Effect of N-acetyl cysteine against aluminium-induced cognitive dysfunction and oxidative damage in rats.
Zhonghua Er Ke Za Zhi. 2003 Nov;41(11):822-6. PMID: 19389043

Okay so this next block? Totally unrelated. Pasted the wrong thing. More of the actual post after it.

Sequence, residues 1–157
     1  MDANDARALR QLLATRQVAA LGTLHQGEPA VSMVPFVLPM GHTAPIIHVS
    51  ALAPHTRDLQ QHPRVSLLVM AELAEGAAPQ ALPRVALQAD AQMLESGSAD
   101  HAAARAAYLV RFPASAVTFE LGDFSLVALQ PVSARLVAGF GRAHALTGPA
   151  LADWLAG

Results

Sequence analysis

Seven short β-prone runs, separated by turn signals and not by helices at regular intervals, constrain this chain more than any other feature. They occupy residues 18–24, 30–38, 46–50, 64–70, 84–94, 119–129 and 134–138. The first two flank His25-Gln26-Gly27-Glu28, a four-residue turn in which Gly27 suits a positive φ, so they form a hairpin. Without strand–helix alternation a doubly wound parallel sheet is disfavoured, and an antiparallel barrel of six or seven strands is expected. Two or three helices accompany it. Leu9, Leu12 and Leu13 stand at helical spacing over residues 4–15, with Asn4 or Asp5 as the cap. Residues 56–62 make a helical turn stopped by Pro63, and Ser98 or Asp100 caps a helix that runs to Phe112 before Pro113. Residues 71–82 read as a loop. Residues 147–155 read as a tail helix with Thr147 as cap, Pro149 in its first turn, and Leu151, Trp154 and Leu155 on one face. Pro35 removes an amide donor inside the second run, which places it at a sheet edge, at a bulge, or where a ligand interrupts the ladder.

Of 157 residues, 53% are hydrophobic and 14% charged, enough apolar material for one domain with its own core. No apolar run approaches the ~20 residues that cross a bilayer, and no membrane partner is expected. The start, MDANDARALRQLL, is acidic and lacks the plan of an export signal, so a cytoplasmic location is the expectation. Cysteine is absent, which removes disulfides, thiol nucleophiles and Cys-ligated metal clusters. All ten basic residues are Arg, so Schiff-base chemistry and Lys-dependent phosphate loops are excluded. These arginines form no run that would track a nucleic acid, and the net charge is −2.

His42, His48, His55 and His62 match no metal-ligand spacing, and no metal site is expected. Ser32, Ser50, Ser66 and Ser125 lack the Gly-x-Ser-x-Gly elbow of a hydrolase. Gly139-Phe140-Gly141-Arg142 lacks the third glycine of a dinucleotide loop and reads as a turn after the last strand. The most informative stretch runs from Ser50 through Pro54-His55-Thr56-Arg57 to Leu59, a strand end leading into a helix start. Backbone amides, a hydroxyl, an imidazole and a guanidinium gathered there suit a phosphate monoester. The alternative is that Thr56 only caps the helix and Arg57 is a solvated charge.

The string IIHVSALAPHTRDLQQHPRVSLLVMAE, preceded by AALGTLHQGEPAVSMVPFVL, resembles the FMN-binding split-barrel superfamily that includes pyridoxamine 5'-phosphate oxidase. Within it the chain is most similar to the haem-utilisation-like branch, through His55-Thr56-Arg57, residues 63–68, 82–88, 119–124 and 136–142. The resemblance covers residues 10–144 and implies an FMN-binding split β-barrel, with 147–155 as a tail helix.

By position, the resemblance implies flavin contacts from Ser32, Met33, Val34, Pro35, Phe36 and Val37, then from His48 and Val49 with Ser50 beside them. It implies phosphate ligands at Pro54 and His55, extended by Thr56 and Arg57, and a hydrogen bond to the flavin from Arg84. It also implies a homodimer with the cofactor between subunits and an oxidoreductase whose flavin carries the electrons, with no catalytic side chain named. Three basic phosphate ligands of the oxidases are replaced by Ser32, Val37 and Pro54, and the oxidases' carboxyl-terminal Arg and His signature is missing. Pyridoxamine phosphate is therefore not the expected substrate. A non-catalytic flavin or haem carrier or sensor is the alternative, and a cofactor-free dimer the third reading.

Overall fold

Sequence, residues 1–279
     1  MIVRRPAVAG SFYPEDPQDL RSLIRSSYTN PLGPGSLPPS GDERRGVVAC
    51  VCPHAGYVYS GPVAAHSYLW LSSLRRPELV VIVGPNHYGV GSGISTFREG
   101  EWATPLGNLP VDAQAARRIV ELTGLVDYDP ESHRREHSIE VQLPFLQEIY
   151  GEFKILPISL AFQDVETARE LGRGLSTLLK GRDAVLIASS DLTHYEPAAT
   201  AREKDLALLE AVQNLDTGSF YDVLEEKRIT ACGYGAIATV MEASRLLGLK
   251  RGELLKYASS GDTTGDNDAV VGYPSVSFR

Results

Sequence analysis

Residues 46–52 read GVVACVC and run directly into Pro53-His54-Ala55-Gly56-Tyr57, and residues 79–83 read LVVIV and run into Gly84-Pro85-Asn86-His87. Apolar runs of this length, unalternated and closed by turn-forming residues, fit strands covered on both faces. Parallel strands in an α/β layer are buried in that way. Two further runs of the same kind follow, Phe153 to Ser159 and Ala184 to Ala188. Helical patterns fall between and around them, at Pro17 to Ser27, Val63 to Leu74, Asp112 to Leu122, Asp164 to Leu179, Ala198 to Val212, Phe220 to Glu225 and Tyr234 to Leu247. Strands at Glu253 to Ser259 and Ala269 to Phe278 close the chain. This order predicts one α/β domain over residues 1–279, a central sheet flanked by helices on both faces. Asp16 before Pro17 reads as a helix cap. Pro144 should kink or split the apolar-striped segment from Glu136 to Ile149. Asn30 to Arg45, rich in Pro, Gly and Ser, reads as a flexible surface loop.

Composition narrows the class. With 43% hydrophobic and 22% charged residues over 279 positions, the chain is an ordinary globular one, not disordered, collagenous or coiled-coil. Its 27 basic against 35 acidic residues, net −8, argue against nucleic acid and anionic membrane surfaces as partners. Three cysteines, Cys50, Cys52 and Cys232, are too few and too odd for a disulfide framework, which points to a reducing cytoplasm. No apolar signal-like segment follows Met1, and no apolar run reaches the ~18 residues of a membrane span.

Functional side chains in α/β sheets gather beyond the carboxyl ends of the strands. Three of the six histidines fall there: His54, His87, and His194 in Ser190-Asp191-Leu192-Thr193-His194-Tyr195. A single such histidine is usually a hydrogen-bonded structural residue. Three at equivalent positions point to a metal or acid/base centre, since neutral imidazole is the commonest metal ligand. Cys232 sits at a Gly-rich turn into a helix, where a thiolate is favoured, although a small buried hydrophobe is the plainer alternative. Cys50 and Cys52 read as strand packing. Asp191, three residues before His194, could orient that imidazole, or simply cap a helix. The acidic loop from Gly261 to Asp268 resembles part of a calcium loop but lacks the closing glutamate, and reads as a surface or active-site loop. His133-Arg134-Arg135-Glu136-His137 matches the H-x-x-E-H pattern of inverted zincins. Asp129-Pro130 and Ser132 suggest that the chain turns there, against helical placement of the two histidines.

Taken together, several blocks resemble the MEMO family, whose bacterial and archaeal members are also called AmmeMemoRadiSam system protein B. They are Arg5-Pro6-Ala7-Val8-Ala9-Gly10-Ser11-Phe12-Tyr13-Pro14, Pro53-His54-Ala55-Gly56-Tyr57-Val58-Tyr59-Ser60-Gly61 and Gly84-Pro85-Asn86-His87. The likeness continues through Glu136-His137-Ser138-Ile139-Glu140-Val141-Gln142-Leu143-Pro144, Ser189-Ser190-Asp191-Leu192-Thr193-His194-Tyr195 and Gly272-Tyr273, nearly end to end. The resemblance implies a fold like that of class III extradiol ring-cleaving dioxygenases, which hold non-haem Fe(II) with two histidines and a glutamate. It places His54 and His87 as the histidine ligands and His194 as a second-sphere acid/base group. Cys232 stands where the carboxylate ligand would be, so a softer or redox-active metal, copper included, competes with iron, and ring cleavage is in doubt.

Aluminium is a potent neurotoxin involved in the initiation and progression of various cognitive disorders like Alzheimer's disease. Chronic aluminium exposure induces oxidative stress and increases amyloid beta levels in vivo. The role of oxidative stress has been well-suggested in these cognitive problems. Therefore, the present study was designed to explore the possible role of N-acetyl cysteine against aluminium mediating cognitive dysfunction and oxidative stress in rats. Aluminium chloride (100 mg/kg, p.o.) was given to rats daily for 6 weeks. N-acetyl cysteine (per se; 50 and 100 mg/kg, i.p.) pre-treatment was given 30 min. before aluminium daily for 6 weeks. On the third (21st day) and sixth week (42nd day) of the study, various behavioural tests (Morris water maze and elevated plus maze task paradigms) and locomotion (photoactometer) were done to evaluate cognitive tasks. The rats were killed on the 43rd day following the last behavioural test, and various biochemical tests were performed to assess the extent of oxidative damage. Chronic aluminium chloride administration resulted in poor retention of memory in Morris water maze, elevated plus maze task paradigms and caused marked oxidative damage. It also caused a significant increase in the acetylcholinesterase activity. Chronic administration of N-acetyl cysteine significantly improved memory retention in tasks, attenuated oxidative damage and acetylcholinesterase activity in aluminium-treated rats. The study suggests a neuroprotective effect of N-acetyl cysteine against aluminium-induced cognitive dysfunction and oxidative damage.